Travis d’Arnaud is completely an enigma to me in 2017. He has flashed so much potential. His bat speed is electric when he’s going right, and he had a prolonged stretch of incredibly potent offensive catcher production for a span of about 500 PA. In mid 2014, d’Arnaud made a swing adjustment after being demoted to Triple A and hit .270/.329/.486 with 22 HR and a .216 ISO in 544 PA after it, dating from his minor league recall through all of 2015. I thought he was really going to hit in 2016, but he injured his right rotator cuff trying to throw out a base stealer in April and just never got going. His swing looked slower and longer, and he didn’t seem to have the same bat control. A lot of his batted balls were buried into the ground instead of being squared up. I have no idea what to expect from him in 2017. d’Arnaud is one of the more boom or bust candidates I can see at catcher this year, and no outcome with him would really surprise me–except him getting injured. I am optimistic by nature, so I am not giving up on his talents yet. He could very easily rebound and become a top-10 fantasy catcher.

Stephen Vogt is a catcher I like using in daily leagues against weak RHPs in hitter friendly road parks. When players are priced based on their overall production, a large platoon split can often provide value if you only use them against their strong side. Since Oakland is pitcher friendly, my eyes get wide when Vogt goes to places like Yankee Stadium and Rogers Centre to face below average righties that give up a lot of production to left handed batters.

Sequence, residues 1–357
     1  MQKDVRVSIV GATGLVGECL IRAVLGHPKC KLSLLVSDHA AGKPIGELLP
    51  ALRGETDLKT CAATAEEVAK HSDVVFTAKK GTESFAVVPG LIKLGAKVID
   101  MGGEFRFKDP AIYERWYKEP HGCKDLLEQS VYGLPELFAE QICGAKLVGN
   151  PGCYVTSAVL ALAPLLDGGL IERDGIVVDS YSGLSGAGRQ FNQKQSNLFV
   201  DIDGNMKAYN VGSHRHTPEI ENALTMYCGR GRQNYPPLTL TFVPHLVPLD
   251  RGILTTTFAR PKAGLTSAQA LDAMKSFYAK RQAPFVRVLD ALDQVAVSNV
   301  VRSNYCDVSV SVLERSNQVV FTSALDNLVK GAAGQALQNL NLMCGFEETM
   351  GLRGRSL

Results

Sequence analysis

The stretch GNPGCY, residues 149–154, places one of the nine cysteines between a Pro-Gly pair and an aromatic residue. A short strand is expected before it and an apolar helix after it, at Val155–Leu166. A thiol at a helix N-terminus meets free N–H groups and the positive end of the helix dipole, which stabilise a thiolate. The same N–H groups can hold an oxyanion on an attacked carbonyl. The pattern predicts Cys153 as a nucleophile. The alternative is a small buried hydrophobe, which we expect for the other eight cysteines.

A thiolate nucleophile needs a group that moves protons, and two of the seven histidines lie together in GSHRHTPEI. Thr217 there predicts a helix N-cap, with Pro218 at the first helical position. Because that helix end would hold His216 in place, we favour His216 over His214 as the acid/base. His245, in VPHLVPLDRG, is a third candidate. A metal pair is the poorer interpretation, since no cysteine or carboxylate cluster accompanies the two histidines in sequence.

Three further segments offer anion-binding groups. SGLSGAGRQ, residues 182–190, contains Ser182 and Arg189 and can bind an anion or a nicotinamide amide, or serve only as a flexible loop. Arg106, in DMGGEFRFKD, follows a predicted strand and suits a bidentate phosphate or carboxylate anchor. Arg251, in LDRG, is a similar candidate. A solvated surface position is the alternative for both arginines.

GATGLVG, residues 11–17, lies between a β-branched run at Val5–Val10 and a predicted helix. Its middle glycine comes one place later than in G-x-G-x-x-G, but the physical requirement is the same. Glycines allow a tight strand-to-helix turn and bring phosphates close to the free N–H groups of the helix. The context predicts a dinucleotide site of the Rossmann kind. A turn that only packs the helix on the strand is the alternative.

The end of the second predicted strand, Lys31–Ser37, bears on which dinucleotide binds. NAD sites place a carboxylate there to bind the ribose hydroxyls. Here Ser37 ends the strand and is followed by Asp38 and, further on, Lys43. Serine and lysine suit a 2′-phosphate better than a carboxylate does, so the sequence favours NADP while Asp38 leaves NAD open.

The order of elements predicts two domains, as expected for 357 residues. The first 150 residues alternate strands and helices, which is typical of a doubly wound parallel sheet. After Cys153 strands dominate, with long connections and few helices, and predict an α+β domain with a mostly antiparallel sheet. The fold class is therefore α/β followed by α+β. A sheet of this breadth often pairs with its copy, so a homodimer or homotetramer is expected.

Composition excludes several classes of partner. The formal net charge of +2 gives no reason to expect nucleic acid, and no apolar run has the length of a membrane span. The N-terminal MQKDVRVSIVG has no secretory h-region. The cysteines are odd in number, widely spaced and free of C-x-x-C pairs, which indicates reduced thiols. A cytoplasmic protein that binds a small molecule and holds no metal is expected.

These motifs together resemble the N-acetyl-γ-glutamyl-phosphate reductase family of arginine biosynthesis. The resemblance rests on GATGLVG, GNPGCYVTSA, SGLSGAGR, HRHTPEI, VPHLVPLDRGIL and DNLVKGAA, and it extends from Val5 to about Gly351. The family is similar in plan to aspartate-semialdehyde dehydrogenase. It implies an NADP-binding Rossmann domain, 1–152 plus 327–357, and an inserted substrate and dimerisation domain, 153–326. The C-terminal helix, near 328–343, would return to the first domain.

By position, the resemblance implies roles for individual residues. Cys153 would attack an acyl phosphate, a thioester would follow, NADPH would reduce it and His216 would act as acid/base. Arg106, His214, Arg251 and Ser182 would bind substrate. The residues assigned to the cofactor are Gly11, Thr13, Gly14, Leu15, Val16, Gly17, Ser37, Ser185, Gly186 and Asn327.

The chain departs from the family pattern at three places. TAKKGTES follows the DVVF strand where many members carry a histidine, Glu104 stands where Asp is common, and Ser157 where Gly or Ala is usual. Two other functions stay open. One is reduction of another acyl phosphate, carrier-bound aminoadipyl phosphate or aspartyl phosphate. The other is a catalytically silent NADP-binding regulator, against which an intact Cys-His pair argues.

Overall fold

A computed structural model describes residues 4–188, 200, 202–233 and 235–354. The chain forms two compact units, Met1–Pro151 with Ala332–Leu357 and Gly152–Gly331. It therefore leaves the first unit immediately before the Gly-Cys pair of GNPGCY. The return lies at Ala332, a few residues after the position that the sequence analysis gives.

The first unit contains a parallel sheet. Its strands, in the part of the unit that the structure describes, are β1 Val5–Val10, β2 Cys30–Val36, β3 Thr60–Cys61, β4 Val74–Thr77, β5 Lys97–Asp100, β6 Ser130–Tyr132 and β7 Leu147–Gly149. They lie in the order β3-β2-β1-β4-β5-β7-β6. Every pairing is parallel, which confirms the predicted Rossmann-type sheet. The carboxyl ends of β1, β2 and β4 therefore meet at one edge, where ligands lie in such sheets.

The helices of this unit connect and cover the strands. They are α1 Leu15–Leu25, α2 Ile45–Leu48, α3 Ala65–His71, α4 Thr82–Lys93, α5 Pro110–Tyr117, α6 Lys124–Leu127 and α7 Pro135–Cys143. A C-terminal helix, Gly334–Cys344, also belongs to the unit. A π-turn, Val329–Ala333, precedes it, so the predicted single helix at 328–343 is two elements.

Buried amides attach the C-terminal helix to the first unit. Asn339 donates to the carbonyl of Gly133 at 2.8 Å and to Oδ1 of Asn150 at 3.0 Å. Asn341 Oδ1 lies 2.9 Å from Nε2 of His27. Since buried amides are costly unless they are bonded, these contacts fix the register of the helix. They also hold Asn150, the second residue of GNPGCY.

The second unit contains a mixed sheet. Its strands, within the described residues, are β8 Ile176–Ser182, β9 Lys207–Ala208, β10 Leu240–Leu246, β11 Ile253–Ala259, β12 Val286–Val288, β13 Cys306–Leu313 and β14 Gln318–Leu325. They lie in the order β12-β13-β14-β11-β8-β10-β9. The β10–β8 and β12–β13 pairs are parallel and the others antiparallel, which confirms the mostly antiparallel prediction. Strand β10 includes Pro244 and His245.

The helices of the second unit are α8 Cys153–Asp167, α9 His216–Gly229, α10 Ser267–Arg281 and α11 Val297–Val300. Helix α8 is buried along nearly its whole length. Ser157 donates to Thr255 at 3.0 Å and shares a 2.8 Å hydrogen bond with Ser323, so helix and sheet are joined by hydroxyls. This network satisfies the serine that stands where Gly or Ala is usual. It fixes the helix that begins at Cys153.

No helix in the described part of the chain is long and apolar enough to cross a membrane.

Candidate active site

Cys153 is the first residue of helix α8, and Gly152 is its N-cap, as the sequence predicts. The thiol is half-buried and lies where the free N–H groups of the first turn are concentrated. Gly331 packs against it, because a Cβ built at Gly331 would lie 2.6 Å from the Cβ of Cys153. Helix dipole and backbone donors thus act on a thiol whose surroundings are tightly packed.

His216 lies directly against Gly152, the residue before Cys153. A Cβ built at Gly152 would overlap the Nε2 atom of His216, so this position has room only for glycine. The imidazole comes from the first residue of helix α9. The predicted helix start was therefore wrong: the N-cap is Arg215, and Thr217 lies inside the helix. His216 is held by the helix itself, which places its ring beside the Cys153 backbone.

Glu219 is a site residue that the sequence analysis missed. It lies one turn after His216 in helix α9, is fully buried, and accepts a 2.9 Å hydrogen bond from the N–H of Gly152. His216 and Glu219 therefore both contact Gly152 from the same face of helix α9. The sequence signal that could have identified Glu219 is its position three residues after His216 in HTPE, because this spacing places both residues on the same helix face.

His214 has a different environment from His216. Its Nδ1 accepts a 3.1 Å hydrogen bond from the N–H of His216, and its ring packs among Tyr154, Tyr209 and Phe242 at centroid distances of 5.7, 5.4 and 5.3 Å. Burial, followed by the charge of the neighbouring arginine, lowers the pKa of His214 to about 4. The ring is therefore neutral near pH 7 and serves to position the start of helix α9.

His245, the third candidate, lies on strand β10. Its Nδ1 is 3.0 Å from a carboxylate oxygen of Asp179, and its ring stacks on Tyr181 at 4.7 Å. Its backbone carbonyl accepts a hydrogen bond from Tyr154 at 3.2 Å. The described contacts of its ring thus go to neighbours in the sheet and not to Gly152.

I wrote about Yasmani Grandal in our staff catchers to target piece that ran on Monday. I am a believer in a healthy Grandal being a very productive offensive catcher. Grandal’s shoulder issues over the last two years are real to me. In 2015, he hit .285/.394/.500 with 14 HR in about 300 PA through the end of July. He hurt his shoulder sometime in August, and hit .129/.268/.198 after that with only two home runs. Grandal looked very limited offensively, and appeared to be gutting it out for a playoff team that needed his strong pitch-framing behind the plate. He then had shoulder surgery in the offseason, and it took a while for him to bounce back. After July 1, Grandal hit .267/.376/.581 with 20 HR. Assuming he’s finally healthy, I think Grandal could be in line for his best season yet. Grandal’s value skyrockets in OBP leagues because his high walk rate helps compensate for a low batting average. In daily leagues, Grandal is a switchhitter and hits for more power against right-handed pitchers.

Obviously, it should go without saying that a catcher who has an .870 OPS in 150 PA vs. LHP, like James McCann and Francisco Cervelli do over the last two seasons, is not comparable to Buster Posey’s .870 OPS vs. LHP, because Posey has a track record 10 times longer than that versus LHP. What this does do though is perhaps point us in a direction of some catchers who might be undervalued in daily leagues when they face a weak LHP in a good run scoring environment, while considering that the sample is small enough to contain a lot of noise.

Wilson Ramos is an interesting player for 2017. He had ACL surgery in October and isn’t expected to be back on the field until May or June at the earliest. What is intriguing about Ramos is that he had Lasik surgery on his eyes before the 2016 season. Ramos said that his pitch recognition improved tremendously, and it showed up in his production. Ramos had an .850 OPS in 2016, up from a .711 OPS in his career prior and a .616 OPS in 2015. Ramos will likely DH instead of catch in 2017, but he will retain catcher eligibility in most leagues and could be a great stash candidate in seasonal leagues.